Preparing for Life AFTER a Debt Management Plan (DMP)

My Journey out of Debt

Featured customers currently enrolled in a CareOne Debt Relief Plan, share journey to become debt-free; hear how they juggle family, finances, and more.

Preparing for Life AFTER a Debt Management Plan (DMP)

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You may have heard of a show called, "The Biggest Loser." 

Contestants on the show:

  • Live in a secluded ranch
  • Work out all day
  • Learn how to prepare healthy meals
  • Learn about nutrition and fitness

The purpose is to change the contestant's environment such that the temptations and stresses of everyday life that could lead to overeating are removed. The consequences of not following the program are not losing much weight and getting voted off the ranch. 

Being enrolled in a Debt Management Plan (DMP) has some similarities to this environment: 

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  • Credit lines are closed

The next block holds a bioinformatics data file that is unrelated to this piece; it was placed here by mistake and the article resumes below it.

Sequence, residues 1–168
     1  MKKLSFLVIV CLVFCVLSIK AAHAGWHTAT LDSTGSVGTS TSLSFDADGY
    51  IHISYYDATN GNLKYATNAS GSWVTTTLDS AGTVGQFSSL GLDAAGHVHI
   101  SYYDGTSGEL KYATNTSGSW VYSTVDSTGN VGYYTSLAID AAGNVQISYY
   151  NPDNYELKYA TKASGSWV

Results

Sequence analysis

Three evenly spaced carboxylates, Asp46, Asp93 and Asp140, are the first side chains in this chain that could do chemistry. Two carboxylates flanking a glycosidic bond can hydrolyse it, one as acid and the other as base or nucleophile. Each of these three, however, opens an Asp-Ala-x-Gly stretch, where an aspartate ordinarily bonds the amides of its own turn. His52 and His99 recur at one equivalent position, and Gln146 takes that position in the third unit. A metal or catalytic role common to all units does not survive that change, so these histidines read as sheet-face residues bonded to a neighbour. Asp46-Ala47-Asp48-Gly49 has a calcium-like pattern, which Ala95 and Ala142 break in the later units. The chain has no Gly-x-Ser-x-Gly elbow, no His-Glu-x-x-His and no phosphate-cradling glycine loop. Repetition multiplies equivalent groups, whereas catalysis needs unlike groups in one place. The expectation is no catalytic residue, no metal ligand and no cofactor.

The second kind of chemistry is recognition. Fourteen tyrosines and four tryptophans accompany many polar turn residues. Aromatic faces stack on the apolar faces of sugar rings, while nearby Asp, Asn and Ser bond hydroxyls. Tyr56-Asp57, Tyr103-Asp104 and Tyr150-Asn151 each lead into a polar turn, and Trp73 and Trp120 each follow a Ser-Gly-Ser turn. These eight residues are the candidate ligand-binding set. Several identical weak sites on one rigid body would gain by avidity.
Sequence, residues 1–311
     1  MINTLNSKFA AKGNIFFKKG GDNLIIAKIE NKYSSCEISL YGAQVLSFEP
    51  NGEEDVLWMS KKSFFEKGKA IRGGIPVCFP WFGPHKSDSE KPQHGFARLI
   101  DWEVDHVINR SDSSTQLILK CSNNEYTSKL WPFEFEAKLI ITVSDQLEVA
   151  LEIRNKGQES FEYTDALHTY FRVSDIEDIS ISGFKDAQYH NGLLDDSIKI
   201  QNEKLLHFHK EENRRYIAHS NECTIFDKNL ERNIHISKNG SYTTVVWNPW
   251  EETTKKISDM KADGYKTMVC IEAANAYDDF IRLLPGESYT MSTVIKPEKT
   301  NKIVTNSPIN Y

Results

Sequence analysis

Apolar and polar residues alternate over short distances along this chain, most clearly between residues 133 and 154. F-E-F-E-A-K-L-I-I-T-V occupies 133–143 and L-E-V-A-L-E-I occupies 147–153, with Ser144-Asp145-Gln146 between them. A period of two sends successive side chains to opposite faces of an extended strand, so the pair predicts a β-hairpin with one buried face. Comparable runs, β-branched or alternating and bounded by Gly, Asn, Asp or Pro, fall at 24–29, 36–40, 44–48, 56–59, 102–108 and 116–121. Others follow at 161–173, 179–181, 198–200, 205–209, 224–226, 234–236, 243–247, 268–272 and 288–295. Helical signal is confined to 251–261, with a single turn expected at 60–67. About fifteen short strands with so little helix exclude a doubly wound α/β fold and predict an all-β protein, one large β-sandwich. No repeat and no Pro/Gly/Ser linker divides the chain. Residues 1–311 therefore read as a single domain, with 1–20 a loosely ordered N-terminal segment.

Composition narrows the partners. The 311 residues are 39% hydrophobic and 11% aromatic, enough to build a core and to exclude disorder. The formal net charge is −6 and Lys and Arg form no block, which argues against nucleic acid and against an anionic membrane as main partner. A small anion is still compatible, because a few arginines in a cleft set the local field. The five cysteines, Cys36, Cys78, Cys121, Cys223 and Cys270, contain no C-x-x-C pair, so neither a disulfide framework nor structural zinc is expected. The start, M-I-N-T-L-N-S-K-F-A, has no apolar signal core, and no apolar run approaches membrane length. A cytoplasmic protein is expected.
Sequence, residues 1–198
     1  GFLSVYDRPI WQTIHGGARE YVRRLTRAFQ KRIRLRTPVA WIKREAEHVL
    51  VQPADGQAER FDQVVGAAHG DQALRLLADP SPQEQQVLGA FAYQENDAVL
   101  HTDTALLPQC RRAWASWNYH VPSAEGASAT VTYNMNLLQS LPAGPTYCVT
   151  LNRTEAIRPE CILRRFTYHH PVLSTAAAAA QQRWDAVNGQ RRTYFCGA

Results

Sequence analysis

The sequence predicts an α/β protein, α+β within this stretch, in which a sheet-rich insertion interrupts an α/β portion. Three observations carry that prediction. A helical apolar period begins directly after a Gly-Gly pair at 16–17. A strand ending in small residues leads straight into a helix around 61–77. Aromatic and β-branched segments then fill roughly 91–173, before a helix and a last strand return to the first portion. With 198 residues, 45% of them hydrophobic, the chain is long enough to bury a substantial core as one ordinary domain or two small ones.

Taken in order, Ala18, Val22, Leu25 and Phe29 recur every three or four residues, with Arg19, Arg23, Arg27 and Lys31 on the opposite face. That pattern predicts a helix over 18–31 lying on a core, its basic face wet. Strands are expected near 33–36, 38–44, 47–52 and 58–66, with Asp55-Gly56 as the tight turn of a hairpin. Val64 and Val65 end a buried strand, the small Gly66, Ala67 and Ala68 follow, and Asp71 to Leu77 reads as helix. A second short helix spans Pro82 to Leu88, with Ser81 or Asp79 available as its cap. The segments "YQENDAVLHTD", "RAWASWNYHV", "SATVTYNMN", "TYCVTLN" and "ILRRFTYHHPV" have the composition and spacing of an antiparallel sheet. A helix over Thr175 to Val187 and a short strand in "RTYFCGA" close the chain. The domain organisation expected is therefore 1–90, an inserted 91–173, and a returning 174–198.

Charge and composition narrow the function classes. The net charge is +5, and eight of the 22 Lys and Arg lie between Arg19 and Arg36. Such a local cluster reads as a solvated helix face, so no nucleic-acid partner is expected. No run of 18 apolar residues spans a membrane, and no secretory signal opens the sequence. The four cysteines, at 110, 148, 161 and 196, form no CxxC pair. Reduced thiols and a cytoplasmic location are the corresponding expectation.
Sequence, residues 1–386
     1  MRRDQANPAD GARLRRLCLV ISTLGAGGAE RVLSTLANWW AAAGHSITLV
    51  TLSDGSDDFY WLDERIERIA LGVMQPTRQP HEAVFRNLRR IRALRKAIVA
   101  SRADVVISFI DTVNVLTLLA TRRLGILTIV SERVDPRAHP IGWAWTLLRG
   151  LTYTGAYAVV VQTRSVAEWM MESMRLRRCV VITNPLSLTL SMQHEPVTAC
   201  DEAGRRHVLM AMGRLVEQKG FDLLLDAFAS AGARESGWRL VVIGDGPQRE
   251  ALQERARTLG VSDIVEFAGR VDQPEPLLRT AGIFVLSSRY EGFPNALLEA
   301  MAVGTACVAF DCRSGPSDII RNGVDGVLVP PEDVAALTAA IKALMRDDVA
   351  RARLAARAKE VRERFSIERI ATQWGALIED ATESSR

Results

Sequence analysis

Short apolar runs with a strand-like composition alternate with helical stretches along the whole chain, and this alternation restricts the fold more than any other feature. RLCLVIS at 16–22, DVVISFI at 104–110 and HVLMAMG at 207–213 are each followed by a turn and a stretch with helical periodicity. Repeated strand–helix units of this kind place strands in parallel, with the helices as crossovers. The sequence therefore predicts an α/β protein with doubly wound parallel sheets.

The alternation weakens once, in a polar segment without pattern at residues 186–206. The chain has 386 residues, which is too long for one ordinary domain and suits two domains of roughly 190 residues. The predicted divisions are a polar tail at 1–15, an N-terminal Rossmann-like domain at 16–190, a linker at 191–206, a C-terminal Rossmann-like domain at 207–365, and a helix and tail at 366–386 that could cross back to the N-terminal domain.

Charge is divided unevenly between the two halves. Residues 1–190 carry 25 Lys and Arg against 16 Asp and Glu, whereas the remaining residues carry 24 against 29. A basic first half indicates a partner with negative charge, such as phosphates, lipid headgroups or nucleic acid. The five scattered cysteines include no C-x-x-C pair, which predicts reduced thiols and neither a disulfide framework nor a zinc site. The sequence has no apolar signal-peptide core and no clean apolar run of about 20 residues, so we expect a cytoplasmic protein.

• New lines of credit are not allowed

The purpose of these rules is to change a participant's environment such that the temptation to accrue more credit card debt is reduced or removed.  The consequences of opening a new line of credit is potentially getting kicked out of the plan, and having interest rates and minimum monthly payments rise.

Some of the past contestants, even past winners, have gained all their weight back.  Similarly, I'm sure there are people that have gotten themselves out of debt, only to return to their old habits and build up a new pile of debt once they return to an environment where lines of credit are again flowing.


Former contestants put the weight back on because they have failed to properly implement what they learned about fitness and healthy eating on the show.  Or, they have failed to solve whatever life problem is driving them to overeat.